The book is cast in the form of a historical narrative. Having something of the style and flavor of the Old Testament, it claims to be the story of what happened when God’s people came to the Western Hemisphere. It is a history, and it has functioned -- as history tends to function -- as a binding agent, melding disparate individuals together into a single people by giving them a common past. The Book of Mormon provided the Saints with a usable past and a common set of expectations -- in much the same fashion as did the book that was pulled together by the Jews as they sat down by the rivers of Babylon and wept when they remembered Zion. An unorthodox reminder of their Judeo-Christian heritage, Smith’s book told them that the Lord’s song had been sung on this side of the Atlantic and explained how it might be sung again. Defined as truth by the prophet whose raising up was prophesied therein, the book became true for those who believed, in much the same way as the entire body of Christian Scripture has become true for biblical literalists.
Those persons who have considered Smith’s book simply as an ordinary historical account have found much to criticize. Yet critics find it well nigh impossible to discount the way the Book of Mormon, appearing as it did at a time when all America seemed set adrift in a bewildering new world, furnished Jacksonian believers with a reassuring sense of time and place. In that uprooted society it supplied a very real connection with the Ancient of Days, an extremely useful Abrahamic lineage, and a universe of story and metaphor so powerful that it continues to tie together a good portion of the human race, even in this era when alienation and anomie threaten to predominate. Without accepting the work at face value, it is nevertheless possible to regard the Book of Mormon as the product of an extraordinary and profound act of the religious imagination. It lent legitimacy to Joseph Smith’s prophetic career and, by tying America to Israel, gave credence to the claim that in these latter days America is the Promised Land and the Mormons are the Chosen People.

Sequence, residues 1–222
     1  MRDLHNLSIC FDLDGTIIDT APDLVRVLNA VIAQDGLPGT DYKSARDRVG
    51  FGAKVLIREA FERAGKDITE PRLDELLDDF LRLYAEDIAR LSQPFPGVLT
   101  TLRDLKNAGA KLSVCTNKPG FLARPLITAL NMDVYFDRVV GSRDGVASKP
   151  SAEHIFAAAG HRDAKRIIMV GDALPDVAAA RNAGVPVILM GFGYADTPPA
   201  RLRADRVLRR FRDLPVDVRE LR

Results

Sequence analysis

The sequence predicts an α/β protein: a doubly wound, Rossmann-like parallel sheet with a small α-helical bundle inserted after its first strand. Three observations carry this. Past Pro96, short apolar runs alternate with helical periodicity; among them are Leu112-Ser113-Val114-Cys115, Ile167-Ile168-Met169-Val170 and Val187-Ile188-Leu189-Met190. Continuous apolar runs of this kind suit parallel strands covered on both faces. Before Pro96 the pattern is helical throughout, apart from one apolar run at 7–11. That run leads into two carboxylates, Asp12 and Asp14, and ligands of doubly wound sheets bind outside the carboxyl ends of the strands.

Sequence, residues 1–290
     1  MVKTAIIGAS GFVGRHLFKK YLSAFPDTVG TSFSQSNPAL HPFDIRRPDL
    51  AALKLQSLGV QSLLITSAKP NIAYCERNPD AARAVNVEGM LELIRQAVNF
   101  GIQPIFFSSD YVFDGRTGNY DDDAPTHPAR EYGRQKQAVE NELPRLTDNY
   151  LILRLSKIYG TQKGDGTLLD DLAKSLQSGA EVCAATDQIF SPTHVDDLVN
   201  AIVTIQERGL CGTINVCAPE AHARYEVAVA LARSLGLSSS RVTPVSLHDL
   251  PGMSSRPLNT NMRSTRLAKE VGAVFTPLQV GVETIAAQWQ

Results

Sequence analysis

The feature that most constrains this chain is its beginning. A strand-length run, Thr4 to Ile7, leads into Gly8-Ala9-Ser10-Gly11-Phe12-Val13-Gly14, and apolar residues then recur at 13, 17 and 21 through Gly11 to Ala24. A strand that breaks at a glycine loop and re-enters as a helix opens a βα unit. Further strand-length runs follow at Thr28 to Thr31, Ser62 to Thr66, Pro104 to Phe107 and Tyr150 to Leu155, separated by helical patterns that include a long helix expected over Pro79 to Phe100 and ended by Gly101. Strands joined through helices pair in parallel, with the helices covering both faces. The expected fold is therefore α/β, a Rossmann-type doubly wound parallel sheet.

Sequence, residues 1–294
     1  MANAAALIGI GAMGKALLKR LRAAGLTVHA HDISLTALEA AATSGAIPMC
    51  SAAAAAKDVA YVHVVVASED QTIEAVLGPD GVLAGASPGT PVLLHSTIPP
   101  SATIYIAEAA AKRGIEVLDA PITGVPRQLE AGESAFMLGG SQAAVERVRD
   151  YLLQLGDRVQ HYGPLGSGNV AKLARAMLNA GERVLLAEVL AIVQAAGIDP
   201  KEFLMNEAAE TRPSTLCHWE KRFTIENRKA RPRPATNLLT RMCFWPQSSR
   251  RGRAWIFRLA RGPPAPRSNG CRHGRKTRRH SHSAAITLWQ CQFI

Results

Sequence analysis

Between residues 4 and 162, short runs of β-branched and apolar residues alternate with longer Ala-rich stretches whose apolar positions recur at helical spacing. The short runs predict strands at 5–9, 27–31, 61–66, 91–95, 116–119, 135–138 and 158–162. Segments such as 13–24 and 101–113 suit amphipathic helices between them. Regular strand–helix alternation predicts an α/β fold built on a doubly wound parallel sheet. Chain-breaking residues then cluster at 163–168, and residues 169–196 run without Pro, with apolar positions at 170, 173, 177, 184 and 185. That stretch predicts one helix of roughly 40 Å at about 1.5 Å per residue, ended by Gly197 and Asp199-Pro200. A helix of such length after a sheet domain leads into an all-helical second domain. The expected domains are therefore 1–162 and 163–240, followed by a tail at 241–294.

The book’s Hebraic influence was intensified in the lives of the Saints by the peculiar form of Christianity instituted with the organization of the LDS church. A primitivist of an unusual kind, Smith harked back to a form of Christianity which repudiated the outcome of the Jerusalem conference described in Acts 15. Adopting a position not unlike that of Saint Peter before a vision taught him not to despise the Gentiles, the prophet held that would-be Christians would first have to choose to be chosen. This meant that before they gained access to God’s grace they would have to repent and be baptized into the (Mormon) Church of Christ because old covenants had been done away with when God executed a new, perpetual and exclusive contract with the Latter-day Saints in 1830.
As Christianity was God’s gift to his own people, and as the Mormons were that people, so membership in the Church of Jesus Christ of Latter-day Saints became the new covenant sign. And the work rolled forth, carried forward by Christians completely convinced that they had taken possession of that special relationship to God which had once been the sole property of the Jews.
Asserting that God and Jesus are literally father and son, that Jesus and Jehovah are one and the same, and that even the Holy Spirit is somehow located in time and space, these new Saints clothed the mystical body of Christ with the real flesh of Mormonism and started out to build up Zion, drawing biblical parallels every step of the way. They had such a vivid perception of themselves as God’s people that the past and present were joined. Prosaic and matter-of-fact, they made the symbolic so tangible that a direct link was forged between their own day and the days described in Old Testament and New. Mormon theology’s emphasis on the family as the redemptive unit, its system of patriarchal blessing in which each individual’s membership in the household of Ephraim or Mannaseh or Judah is solemnly intoned; and its "restored" priesthood all worked to strengthen the Hebraic connection.
The process of cultural integration was accelerated as the 19th century progressed. Persecution and kingdom-building pushed and pulled the Saints together, giving them a firm LDS identity. Then shared memories of those early years plus present participation in Mormonism’s corporate life completed the transformation. Now Mormons are not simply members of an unusual ecclesiastical corporation. They are a neo-Judaic people so separate and distinct that new converts must undergo a process of assimilation roughly comparable to that which has to take place when immigrants adopt a new and dissimilar nationality.
Today the Mormon world intersects the larger one at a multiplicity of points, and when the two fail to converge the difference in direction is often very subtle. Still, there is no denying that the Mormons inhabit a radically different world from the one outside, and that -- for the most part -- theirs is an orderly world wherein questions have answers and people know who they are and where they stand.
If the 19th century was a time of cultural integration, it was also a time of internal division. The church split apart in the aftermath of the prophet’s murder in 1844, and it remains divided today. Sometimes the sheer size and visibility of the Utah-based Church of Jesus Christ of Latter-day Saints cause it to be thought of as the "real" Mormon church. But close to 150 other LDS organizations are or have been in existence. While most of these can be described as splinter groups of small membership and minimal importance, there are presently two major exceptions, the new Mormon fundamentalists and the Reorganized Church of Jesus Christ of Latter Day Saints.